Atlantic beach pie new york times
Watermelon (Walsh Family, #1) by Marian KeyesClaire has everything she ever wanted: a husband she adores, a great apartment, a good job. Then, on the day she gives birth to their first baby, James informs her that hes leaving her. Claire is left with a newborn daughter, a broken heart, and a postpartum body that she can hardly bear to look at.
She decides to go home to Dublin. And there, sheltered by the love of a quirky family, she gets better. So much so, in fact, that when James slithers back into her life, hes in for a bit of a surprise.
The Weekly Newsletter
In the back of my mind, I thought that maybe this rule was just a way to trick me into eating fewer sweets. There was one exception, though: lemon pie. If you asked why, you were told something about lemon and fish. After some research — a phone call here, an old church cookbook there — and some experimentation, I developed my version of the Atlantic Beach Lemon Pie. The original had meringue, but I opted for whipped cream sprinkled with coarse sea salt. I crumbled saltine crackers for the crust. My recipe requires half a cup of lemon or lime juice, or a mix of both, and condensed milk.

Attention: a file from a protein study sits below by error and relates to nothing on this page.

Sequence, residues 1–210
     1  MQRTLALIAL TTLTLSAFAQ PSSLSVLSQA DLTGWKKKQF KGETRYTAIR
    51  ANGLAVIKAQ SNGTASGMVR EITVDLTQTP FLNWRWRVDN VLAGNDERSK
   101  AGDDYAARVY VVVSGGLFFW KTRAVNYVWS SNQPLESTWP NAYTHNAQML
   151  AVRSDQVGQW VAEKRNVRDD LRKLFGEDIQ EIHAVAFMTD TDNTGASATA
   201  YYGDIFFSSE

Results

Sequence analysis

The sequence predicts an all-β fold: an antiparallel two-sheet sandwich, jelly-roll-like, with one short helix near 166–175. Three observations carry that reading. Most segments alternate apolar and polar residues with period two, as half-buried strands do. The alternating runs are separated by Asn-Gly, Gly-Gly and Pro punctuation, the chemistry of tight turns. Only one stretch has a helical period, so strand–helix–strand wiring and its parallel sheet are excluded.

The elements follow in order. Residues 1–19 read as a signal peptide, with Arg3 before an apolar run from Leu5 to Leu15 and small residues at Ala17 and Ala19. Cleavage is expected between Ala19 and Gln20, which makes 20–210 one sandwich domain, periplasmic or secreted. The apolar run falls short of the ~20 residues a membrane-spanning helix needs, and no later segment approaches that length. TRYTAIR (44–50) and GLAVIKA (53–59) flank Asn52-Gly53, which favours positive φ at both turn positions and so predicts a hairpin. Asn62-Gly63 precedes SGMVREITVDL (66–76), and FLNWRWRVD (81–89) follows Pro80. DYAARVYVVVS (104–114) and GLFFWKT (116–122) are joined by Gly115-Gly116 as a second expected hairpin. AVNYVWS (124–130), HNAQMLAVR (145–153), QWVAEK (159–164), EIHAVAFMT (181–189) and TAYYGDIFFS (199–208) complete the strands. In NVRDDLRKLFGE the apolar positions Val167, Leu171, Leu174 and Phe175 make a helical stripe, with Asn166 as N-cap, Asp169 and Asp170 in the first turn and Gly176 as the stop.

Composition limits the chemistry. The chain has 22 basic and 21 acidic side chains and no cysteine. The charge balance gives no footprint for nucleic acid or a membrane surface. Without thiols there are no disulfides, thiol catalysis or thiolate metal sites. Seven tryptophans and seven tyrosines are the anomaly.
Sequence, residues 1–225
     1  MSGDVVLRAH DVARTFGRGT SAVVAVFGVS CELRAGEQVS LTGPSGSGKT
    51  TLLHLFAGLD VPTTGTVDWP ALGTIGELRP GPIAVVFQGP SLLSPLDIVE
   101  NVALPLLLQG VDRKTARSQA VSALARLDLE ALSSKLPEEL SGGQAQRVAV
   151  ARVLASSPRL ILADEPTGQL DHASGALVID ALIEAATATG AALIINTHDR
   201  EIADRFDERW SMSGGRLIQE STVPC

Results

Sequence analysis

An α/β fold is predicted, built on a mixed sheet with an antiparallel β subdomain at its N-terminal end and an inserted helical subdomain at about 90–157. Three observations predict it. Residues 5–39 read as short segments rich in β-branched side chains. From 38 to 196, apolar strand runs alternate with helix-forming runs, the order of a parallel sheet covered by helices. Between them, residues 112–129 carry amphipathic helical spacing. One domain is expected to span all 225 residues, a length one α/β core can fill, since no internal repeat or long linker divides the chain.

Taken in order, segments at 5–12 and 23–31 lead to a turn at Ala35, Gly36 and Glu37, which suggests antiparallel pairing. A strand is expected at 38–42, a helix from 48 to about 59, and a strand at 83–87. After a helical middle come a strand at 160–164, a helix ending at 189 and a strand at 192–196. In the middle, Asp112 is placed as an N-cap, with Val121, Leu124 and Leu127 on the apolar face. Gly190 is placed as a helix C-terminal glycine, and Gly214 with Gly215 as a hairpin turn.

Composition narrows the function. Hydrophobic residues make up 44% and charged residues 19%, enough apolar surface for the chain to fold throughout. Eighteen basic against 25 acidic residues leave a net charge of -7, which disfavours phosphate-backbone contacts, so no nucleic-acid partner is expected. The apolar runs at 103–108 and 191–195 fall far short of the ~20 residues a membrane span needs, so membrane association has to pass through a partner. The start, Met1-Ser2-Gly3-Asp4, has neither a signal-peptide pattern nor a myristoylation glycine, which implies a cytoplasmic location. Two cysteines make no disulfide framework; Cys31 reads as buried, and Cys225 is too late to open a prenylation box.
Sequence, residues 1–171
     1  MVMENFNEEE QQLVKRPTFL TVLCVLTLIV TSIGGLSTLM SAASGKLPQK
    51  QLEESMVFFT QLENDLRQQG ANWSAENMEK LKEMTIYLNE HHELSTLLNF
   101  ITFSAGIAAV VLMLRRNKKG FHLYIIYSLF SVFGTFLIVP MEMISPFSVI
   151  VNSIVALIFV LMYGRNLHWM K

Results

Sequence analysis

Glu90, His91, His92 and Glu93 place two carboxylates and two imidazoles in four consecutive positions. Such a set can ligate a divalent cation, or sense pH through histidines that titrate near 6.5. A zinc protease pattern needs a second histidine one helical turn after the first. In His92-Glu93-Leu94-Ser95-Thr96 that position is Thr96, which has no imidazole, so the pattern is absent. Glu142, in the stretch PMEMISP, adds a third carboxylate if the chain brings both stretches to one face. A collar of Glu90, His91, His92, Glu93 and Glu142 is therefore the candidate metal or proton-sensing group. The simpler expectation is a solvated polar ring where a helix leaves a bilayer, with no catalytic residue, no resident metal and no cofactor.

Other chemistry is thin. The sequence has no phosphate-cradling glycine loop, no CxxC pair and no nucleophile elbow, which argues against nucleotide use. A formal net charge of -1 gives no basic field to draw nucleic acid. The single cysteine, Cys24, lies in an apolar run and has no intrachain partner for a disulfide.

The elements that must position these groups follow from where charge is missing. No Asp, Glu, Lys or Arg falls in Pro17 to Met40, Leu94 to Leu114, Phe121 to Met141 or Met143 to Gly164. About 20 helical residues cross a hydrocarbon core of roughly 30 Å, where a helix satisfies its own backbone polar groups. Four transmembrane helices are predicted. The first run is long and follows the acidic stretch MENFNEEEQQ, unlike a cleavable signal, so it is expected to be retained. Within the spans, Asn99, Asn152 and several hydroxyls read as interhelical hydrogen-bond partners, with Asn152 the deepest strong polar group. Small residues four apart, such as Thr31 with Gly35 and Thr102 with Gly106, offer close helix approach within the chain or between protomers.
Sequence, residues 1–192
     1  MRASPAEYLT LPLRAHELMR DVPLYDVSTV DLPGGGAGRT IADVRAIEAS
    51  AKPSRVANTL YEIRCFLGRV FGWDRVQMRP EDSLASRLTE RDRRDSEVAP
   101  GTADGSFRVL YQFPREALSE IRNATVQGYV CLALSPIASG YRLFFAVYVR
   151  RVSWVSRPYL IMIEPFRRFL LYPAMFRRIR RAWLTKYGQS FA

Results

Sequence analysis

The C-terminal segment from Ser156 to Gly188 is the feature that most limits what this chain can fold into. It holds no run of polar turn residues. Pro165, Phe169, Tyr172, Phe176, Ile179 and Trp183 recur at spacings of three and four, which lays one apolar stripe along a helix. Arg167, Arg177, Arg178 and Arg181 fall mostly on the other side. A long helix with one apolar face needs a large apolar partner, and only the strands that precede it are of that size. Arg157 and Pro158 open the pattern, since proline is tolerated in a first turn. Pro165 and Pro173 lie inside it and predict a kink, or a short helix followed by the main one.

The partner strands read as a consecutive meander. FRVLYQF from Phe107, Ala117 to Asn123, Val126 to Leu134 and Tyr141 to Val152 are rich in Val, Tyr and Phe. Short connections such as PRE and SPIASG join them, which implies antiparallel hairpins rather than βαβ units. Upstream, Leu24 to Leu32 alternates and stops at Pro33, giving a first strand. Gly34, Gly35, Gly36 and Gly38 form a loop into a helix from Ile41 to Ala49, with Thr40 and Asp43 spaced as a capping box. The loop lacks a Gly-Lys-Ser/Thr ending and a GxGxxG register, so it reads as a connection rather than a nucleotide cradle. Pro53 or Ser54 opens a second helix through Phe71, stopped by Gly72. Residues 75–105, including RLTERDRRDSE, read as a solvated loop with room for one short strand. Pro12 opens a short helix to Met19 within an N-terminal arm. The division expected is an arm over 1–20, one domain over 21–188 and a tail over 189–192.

Great idea. Hi Mae, this pie is terrific!
what is the meaning of prince charming
Follow by Email
The summery lemon pie filling is usually made with a mixture of fresh lemon and lime juices. However, if you prefer it can be made with just all lemon or all lime juice as well., He had just put it in the menu, not even as a permanent offering, I think.
Who knew a pie could be beachy? The crust, made from saltine crackers, is buttery, sandy and, of course, salty. The citrus filling is bright and sunny, and has enough acid to cut through the cool froth of fresh whipped cream on top. It takes under an hour to make, and requires little more prep than crushing a sleeve of Saltines, which is a wonderfully satisfying task. But with the addition of just one more ingredient, this pie becomes somehow even easier-going than it already is. When I wanted to bring an Atlantic Beach Pie to a recent barbecue and had to make it several hours in advance, I fretted at the thought of fresh whipped cream drooping and weeping while we lolled through the evening. So, on the advice of Quartz culture editor Indrani Sen, I plopped a dollop of cream cheese into the cream before I whipped it—about two ounces of cream cheese per cup of whipping cream—and brought it in a separate bowl.
It was, and still is, a no-frills sort of beach town where no-fuss seafood restaurants served heaping baskets of fried seafood, hush puppies and coleslaw. Menus varied slightly, but no matter which restaurant Mr. Smith and his family went to, lemon pie — creamy and custardy, with a salty cracker crust and meringue topping — was always on the menu. Local folklore demanded it. Smith said.